New Orleans Ideologues with chips on their shoulders about the nation’s public school systems seem committed to doing everything possible to make sure there’s no level playing field to allow comparison of charter school performance as opposed to regular school district performances.
Reading the hometown paper in New Orleans, there was an item a week ago about $28 Million over the next 5 years going largely to the KIPP and First Line charter networks with $2.5 Million the first year. This means something in New Orleans since the Katrina disaster allowed policy makers and public school system haters to use our city as ground zero in the remaking of a school system with charters. KIPP is taking over Fredrick Douglass High School across the street from me, one grade at a time. I watched some Saturday’s ago as they held a “fair” in the yard past the McCarty Square Arch to try to juice up recruitment with games, pizza, and whatnot. You can really do some nice things, if you have the money and no limits on how to use it. The folks giving the money to the charters claimed that they did so because the “test scores” seem to be improving more rapidly in the KIPP charters than in the Recovery School District. The reports I have seen often contradicted this claim, but hey….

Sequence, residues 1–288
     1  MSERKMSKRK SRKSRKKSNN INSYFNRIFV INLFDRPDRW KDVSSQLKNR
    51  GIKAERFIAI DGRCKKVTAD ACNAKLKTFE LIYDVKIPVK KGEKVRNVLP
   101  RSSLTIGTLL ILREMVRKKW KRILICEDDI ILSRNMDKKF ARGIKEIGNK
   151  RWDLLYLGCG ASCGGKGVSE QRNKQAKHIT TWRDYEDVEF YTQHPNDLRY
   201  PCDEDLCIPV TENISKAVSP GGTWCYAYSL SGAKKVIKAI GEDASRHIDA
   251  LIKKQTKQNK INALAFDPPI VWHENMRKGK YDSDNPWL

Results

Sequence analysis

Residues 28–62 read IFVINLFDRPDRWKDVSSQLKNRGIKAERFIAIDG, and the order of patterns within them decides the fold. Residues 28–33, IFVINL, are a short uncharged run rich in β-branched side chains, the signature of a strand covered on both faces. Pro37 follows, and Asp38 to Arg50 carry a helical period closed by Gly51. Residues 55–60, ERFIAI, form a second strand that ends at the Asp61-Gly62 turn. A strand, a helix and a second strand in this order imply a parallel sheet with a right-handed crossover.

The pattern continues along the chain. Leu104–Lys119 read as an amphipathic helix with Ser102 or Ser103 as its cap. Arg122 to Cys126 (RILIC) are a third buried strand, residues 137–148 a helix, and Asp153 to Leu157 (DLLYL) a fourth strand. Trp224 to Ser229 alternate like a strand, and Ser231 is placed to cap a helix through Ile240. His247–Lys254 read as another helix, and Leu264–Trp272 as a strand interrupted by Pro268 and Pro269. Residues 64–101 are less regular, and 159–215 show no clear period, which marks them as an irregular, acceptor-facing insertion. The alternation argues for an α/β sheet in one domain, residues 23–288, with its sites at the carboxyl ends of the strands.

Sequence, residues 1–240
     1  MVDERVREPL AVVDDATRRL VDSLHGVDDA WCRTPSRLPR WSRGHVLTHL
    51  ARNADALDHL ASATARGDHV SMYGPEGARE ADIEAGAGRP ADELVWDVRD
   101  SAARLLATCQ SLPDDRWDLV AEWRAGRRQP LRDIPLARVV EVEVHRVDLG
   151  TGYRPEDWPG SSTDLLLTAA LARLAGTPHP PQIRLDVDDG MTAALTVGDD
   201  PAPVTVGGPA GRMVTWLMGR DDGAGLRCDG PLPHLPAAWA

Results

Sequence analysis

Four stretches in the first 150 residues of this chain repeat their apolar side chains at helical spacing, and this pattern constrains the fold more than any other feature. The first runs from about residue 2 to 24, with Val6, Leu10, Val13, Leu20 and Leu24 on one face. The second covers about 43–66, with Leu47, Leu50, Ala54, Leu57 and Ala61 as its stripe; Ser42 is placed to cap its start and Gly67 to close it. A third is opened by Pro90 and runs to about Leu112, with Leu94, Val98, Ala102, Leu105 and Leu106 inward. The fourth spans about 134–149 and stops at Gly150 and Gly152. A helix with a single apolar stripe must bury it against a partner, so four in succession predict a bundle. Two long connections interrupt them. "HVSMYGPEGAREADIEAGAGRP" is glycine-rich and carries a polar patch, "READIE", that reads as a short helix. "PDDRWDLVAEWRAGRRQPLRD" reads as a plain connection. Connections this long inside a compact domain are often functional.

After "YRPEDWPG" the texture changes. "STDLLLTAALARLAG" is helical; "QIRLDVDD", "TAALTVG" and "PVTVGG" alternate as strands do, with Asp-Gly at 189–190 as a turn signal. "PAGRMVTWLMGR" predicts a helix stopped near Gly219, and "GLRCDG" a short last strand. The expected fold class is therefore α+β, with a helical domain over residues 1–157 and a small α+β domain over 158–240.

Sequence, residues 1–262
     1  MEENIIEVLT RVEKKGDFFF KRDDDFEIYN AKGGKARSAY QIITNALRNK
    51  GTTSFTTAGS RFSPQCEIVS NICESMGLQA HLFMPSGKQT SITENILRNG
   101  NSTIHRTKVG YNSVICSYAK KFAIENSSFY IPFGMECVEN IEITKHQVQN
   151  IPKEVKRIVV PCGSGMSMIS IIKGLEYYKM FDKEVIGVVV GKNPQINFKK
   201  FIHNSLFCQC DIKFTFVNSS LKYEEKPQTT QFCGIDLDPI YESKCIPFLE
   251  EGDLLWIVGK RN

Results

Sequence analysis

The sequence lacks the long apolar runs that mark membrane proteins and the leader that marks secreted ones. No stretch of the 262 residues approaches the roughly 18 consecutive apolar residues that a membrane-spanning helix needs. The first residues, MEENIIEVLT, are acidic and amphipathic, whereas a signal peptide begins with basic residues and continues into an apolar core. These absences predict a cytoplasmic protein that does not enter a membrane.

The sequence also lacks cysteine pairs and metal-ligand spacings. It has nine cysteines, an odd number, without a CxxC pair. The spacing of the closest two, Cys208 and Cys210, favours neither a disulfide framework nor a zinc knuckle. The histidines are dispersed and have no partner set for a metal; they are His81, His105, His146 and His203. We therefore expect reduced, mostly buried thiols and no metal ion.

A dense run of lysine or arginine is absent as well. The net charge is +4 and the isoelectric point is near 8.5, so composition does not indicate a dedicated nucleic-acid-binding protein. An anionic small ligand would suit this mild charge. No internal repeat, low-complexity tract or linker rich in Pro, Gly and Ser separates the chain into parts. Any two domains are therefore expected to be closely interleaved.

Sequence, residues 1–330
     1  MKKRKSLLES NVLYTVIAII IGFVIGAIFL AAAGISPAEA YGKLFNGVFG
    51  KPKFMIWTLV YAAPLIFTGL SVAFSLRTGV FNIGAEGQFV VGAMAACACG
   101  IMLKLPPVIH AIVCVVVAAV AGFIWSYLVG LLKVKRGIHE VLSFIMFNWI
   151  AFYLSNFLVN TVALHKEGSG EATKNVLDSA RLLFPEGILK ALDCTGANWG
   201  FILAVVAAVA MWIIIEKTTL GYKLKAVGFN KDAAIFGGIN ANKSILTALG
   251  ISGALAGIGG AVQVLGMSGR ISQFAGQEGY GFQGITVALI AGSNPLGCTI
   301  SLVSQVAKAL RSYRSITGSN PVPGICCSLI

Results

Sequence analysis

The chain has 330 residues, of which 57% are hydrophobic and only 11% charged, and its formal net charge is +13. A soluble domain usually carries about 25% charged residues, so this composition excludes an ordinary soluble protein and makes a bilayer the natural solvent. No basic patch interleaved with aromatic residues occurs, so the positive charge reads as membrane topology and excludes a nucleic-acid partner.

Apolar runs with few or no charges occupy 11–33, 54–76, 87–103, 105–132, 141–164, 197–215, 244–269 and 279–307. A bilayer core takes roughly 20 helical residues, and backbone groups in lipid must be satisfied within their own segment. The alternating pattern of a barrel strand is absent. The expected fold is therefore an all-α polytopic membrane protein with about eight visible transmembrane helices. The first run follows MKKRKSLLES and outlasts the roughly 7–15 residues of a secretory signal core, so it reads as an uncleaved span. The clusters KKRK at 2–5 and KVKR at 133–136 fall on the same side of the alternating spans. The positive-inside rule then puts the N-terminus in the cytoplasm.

A national study by Western Michigan University researchers found that KIPP received significantly “more taxpayer dollars per student than regular public schools…” and “also noted that KIPP receives substantial amounts of private philanthropic money.” I’ve met some of the founders of the KIPP network. We invited one from Houston to come over and speak to the entire assembled family of ACORN organizers four or five years ago. People were skeptical, pushed him hard on their anti-unionism, but no one questioned his passion or his sincerity. I think he would be the first to admit that it’s a world easier to run 99 schools in 20 states from here and there than the tens of thousands of schools that make up the public charge of free education in America.
It also helps if you can spend more money. The Western Michigan researchers found a 10% difference per pupil at the KIPP schools with a spread of $12,000 to $11,000 over public and a $3000 spread over other charters and when they estimated the private donor largesse then it bumped up another $5000 over that which meant that a KIPP school would have almost 50% more to spend per pupil that a regular public school. Wow! The KIPP people denied all of that, though reading the Times-Picayune, I had trouble believing them frankly, and furthermore, it’s not as if the KIPP network or any charter operation is as transparent as elected school board having to account for the millage are required to be.
Charters are getting a big bounce in resources and promo, but despite the unfair competition in resources and even performance, they still have a lot more to prove to establish that they are worth the money and are producing 50% better with their 50% advantage. We need to be careful before buying this bridge across the Mississippi.